A 17-yr grazing trial was conducted in the eastern Galilee of Israel to quantify trade-offs among the responses of pasture and livestock productivity, duration of grazing, amount of supplementary feed, and profitability to higher stocking density during the growing season of a Mediterranean grassland. Treatments included two stocking densities and two grazing protocols. The stocking densities throughout the grazing period were 0.55 animal unit (AU)·ha-1, which is common in this region, and 1.1 AU·ha-1, which is considered high. The grazing protocols were continuous grazing throughout the grazing season and split-paddock grazing in which the herd grazed one subpaddock from the onset of grazing until the pasture was depleted, after which the herd was moved to the second ungrazed subpaddock. Under both protocols, heavier stocking density reduced standing biomass of the whole paddock at the end of the growing season by 43% and grazing duration during the subsequent dry season by 38% but increased the daily consumption of supplementary feed and the weaned live-weight production per unit area. Under continuous grazing the high stocking density of 1.1 AU·ha-1 was maintained throughout the grazing season for 17 consecutive yr with no detectable effect on productivity of the pasture, typical to the resilience of Mediterranean grasslands that have been grazed for thousands of years. The lower pasture biomass production was compensated by higher weaned calf production. At the current local prices, the heavier stocking density was close to the economically optimal stocking density for the pasture in the region. It is concluded that on Mediterranean grassland intensive use of the pasture with high stocking density during the growing season can be economically feasible in those cases where the feed requirement of the herd can be maintained throughout the growing season.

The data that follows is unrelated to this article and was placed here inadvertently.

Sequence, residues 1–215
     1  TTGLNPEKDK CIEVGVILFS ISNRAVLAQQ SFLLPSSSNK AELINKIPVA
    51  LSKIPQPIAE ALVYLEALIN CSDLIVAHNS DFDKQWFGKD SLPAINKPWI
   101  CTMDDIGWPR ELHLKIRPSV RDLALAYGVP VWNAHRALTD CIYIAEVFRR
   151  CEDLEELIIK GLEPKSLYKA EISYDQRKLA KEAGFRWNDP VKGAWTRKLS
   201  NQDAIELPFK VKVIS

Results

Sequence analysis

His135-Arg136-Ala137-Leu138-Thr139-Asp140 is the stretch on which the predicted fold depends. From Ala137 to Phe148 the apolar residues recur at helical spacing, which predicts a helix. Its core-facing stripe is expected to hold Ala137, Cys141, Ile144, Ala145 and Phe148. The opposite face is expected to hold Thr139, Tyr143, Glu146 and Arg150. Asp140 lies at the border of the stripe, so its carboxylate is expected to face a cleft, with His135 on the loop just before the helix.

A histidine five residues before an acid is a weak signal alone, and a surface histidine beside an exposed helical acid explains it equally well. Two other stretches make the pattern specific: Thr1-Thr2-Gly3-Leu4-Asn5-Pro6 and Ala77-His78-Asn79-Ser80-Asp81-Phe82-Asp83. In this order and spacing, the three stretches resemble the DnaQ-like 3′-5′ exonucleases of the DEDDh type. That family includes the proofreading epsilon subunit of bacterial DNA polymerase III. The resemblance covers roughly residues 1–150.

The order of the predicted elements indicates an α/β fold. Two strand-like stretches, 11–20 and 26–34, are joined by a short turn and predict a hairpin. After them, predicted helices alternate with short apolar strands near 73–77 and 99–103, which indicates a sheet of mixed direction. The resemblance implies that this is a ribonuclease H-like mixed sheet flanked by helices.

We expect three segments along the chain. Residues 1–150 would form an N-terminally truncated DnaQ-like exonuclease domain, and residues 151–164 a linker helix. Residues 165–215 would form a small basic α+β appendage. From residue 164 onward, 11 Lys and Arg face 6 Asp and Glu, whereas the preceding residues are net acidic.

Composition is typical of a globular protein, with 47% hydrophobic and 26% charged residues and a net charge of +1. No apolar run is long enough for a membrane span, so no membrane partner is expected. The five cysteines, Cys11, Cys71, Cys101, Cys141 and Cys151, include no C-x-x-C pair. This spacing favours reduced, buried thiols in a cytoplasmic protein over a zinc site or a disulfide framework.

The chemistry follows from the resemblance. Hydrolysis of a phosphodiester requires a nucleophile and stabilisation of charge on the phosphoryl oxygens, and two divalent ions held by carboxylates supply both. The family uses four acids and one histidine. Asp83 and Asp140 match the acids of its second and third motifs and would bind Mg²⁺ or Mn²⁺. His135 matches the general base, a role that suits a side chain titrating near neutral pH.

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Vol. 68 • No. 4